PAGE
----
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Congress asks SSA to investigate alleged SSD slowdown

On Behalf of | Oct 11, 2011 | Social Security Administration News

Last month, we discussed a report in the Wall Street Journal that accused Social Security Administration employees and judges of intentionally slowing their work on Social Security Disability cases in order to increase their productivity in the new fiscal year. Following that report, several members of Congress have asked the SSA’s inspector general to investigate whether those allegations were actually true.

In the article, the Wall Street Journal stated that the managers of SSA offices in California and throughout the country had asked administrative law judges and other SSA employees to slow their work on SSD applications and appeals during the final week of the 2011 fiscal year. This would make the offices appear more productive in the new fiscal year and increase the managers’ chances of receiving significant monetary bonuses.

In a statement, an SSA spokesperson all but confirmed that managers were asking employees to slow down. “Based on available data, it does appear some judges are holding cases,” the spokesperson said, “which is counter to our policy.”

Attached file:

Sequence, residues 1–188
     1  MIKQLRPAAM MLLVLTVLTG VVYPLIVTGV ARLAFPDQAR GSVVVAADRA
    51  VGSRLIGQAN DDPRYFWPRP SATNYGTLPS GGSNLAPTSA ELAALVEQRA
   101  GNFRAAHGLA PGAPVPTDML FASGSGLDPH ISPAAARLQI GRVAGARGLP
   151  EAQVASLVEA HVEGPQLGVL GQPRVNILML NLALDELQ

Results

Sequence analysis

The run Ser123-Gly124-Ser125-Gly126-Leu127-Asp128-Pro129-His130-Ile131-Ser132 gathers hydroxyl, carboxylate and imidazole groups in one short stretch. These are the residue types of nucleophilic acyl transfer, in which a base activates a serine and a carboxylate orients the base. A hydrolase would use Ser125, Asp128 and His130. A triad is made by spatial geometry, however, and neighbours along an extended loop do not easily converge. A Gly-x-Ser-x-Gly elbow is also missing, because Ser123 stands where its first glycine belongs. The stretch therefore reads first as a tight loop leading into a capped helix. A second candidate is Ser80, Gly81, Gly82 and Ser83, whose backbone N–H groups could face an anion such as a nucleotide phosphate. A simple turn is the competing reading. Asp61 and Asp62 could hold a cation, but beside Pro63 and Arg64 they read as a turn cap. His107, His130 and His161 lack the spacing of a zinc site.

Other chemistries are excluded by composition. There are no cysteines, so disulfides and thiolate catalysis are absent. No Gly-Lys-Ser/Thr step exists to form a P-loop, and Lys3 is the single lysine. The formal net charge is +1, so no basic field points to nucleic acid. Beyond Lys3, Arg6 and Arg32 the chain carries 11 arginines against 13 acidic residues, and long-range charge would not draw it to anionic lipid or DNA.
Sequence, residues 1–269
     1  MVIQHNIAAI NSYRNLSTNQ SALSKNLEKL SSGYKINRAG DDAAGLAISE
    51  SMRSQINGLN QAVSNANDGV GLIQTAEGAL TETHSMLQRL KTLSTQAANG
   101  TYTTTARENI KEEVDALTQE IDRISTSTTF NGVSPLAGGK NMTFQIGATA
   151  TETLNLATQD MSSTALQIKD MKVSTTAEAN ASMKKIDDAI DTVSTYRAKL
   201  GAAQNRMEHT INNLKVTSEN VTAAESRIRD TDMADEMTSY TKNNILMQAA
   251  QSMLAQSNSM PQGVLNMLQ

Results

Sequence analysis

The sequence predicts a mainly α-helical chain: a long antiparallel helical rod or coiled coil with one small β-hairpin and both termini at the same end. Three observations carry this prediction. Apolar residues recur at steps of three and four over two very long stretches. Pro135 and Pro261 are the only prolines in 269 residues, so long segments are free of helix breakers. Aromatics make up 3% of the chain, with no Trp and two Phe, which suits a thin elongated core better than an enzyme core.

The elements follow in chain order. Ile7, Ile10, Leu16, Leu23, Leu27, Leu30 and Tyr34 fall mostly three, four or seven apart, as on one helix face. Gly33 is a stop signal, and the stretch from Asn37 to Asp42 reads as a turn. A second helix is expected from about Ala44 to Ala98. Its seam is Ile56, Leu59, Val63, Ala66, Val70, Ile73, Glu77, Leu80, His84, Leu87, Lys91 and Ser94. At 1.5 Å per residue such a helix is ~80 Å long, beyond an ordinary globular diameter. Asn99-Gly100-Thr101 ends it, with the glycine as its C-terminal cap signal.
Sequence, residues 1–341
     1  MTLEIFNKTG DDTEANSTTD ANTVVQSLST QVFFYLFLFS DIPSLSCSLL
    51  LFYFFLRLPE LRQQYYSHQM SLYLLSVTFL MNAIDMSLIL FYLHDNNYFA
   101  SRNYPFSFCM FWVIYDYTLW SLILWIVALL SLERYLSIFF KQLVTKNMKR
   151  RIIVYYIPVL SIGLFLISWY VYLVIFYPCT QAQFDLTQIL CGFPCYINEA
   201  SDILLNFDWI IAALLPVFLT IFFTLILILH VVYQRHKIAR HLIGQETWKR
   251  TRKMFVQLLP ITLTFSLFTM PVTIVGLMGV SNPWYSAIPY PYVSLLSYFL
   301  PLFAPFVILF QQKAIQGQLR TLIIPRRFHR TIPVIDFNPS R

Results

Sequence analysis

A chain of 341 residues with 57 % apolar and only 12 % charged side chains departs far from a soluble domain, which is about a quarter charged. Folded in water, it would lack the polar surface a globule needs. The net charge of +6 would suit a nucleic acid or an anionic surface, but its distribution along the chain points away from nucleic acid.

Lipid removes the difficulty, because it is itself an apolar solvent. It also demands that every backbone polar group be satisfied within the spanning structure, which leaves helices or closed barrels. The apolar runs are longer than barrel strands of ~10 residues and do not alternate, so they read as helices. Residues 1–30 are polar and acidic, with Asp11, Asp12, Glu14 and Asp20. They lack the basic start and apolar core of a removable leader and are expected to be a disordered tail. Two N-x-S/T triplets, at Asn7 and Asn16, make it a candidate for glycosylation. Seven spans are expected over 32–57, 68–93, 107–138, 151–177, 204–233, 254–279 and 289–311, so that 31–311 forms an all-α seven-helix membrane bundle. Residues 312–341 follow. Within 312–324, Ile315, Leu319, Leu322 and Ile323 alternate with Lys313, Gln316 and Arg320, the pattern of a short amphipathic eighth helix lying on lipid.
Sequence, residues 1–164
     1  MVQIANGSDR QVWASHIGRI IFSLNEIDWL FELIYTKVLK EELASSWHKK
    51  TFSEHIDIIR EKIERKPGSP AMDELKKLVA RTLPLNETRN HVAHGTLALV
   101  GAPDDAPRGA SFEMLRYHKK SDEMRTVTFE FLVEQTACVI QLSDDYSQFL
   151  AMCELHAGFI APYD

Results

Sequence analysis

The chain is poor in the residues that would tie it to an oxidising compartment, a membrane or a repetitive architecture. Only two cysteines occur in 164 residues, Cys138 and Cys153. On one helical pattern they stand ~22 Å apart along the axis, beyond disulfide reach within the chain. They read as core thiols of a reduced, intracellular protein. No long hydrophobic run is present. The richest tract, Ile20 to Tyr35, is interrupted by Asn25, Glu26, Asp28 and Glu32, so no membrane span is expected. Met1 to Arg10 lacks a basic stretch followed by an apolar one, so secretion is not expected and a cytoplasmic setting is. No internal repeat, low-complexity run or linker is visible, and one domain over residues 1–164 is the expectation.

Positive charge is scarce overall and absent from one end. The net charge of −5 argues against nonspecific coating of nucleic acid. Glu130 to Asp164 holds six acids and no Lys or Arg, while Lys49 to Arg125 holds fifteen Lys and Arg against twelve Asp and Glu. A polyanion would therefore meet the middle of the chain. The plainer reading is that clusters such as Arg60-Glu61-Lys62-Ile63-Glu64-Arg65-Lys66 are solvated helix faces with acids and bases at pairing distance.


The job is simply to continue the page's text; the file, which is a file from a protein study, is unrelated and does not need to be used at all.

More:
SSA policies dictate that the final week of the year does not factor into the fiscal calendar. The spokesperson also stated that the agency will likely discontinue that practice in coming years to avoid this situation.

If the allegations are true, it means that thousands of disabled Americans who are in desperate need of financial assistance were forced to wait at least an extra week to learn if they could begin receiving SSD benefits. Currently, approximately 750,000 people are waiting for a decision on their SSD application, and more than 3 million are projected to apply for benefits this year.

Source: Wall Street Journal, “Probe Sought Into Disability Delays,” Damian Paletta, Oct. 7, 2011

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